Some of us are refugees from the present moment

by Brad Parks

I have been studying the dharma and practicing meditation for nearly fifty years years, and have lived in Santa Barbara, California, for the last forty years where I recently retired from a career in social work. These poems were written earlier this year during a nine-day retreat with Linda Modaro.

If you’d like find out about the context for the poems’ creation please go to:


Ten thousand things …
but who’s counting?
Bird song disappears into thin air.
Eventually, so do we.
The earth beneath us spinning like a top;
How can we be still?
The sun shines but doesn’t care.
What a relief!


Expiration without inspiration is death:
He expired, She expired.
The next breath never comes.
We are gone from a lack of inspiration.

Inspiration without expiration courts madness:
inspire, inspire, inspire
and you may explode.
Or simply run out of breath.
Like milk and meat, every vision has its expiration date.
Use by Wednesday or risk the consequences:
It won’t pass the smell test.
It could be dangerous.

Our first breath draws us into life,
Our last breath releases us,
Who knows where?
In between, our breathing fills and empties us,
each in turn, like it or not.


Lost in thought:
even Google Maps can’t find me.
What direction am I heading
looking for my future in my past?
Unforgettable conversations with friends,
now fading echoes.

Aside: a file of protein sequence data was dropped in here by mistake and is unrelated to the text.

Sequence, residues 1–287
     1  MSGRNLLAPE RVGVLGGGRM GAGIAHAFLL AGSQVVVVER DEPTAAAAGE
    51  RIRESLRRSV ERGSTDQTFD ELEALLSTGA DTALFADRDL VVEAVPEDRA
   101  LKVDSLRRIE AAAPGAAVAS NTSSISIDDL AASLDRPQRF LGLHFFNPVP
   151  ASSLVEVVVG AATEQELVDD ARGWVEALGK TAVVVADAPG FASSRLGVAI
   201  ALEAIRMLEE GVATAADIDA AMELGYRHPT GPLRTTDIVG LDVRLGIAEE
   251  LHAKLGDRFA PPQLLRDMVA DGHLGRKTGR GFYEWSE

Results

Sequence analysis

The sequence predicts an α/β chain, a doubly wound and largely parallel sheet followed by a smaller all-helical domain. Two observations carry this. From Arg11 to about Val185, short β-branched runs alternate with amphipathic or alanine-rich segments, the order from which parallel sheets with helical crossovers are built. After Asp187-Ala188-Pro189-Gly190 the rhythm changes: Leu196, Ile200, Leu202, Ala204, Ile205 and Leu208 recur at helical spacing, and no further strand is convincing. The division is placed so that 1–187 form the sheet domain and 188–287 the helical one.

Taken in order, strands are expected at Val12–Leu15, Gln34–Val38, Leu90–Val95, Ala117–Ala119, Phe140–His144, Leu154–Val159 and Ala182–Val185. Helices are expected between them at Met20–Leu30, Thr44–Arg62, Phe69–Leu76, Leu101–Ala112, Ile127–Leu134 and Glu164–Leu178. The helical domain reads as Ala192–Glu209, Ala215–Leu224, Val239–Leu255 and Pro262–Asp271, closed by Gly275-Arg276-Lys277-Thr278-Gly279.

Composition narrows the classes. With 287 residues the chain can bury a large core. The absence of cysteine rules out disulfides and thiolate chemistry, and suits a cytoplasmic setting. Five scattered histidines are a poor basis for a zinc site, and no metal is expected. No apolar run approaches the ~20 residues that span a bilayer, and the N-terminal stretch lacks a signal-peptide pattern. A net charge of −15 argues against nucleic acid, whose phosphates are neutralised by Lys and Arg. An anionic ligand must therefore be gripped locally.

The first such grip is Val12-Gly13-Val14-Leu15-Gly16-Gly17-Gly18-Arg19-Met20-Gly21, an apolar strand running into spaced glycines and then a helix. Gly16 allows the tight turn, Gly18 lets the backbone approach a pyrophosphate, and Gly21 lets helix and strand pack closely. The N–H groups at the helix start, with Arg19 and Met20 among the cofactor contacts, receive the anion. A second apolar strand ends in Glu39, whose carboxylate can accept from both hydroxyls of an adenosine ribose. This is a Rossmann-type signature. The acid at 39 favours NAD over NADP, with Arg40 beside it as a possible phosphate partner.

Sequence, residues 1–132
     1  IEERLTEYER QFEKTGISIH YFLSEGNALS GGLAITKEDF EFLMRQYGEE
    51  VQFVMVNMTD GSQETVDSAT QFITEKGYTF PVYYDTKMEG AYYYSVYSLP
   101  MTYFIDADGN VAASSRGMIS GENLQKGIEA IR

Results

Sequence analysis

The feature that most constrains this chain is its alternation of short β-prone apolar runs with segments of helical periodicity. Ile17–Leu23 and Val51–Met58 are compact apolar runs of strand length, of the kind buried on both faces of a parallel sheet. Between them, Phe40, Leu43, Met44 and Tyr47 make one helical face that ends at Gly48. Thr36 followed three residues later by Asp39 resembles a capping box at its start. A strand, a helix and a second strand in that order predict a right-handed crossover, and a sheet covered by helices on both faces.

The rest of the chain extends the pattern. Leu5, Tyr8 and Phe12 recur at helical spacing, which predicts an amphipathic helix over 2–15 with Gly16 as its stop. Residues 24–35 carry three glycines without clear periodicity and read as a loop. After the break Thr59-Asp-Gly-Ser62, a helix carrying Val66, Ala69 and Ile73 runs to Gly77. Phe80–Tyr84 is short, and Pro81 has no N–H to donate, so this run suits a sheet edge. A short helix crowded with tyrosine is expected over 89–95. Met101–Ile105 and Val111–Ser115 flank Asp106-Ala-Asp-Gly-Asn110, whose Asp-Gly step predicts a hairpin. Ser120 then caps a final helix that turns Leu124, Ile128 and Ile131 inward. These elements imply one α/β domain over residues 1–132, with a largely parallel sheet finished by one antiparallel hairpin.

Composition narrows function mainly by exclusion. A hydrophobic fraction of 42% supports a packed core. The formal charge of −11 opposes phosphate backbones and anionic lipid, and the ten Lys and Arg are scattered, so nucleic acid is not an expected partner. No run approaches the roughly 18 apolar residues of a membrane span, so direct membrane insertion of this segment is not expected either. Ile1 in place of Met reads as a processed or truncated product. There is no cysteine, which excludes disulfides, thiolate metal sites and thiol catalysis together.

The path stretches out behind me
but dissolves in the dazzle of day.
My feet know the way.


We are older now.
At least we’re not getting any younger.
Or perhaps we are:
Feeling the joy of these teeter-tottery little steps:
Oh! Fell down!
Discovering what it is to grasp and to let go:
If I drop it, it breaks.
Struggling to put words out into the world:
Do you hear me?
Looking in the faces around us for
recognition, acknowledgement, love:

Look at me! Look at me!
I’m standing, I’m holding on, I’m talking, I’m alive!
We were there once.
Begin again.


Words are windows
and prisons.
Sunlight can stream in,
rich and golden,
and turn a chair into a throne.
Or it can hit the wall
and leave us cold and lonely
on a small metal cot.

The inextricable play
of revealing and concealing:
brothers in arms
sisters in struggle

The taste of fresh pineapple:
We delight in knowing and naming.
But we hide – just a little –
an indescribable sweetness.

You appear before me
And I, in my judge’s robes,
sentence you to life
within the confines of my imagination.
Once words fail me, though,
you’re free to go.
And, if you like, to take a seat
in that sunlit throne
by the window.


My snug little A-frame
perched at the top of a rocky hill,
like an eagle’s nest.

Am I a bird of prey?
A bird of prayer?
An anomalous hybrid of the two,
already extinct
or nearly so?

No, not a bird of prey.
Eagles don’t need eyeglasses.
And I’m fond of small mammals
but not for dinner.
Nor am I a bird of prayer.
To whom would I address my concerns?
My fellow creatures are already
kind enough.

More likely a hybrid
of things already conjoined:
A skittering lark
And its bright, invisible song.


Some of us are refugees
from the present moment.
It often felt like handcuffs.
In that country
My past was under arrest.
My future was facing a distasteful plea deal.
Fortunately a jury of my peers
had trouble reaching consensus:
They couldn’t remember the charges against me.
They watched the evidence
arise and pass away
without a trace.
Their silence in the jury room
was a disaster.
They had to let me go
as the law prescribed.
Their sympathetic joy
was my saving grace.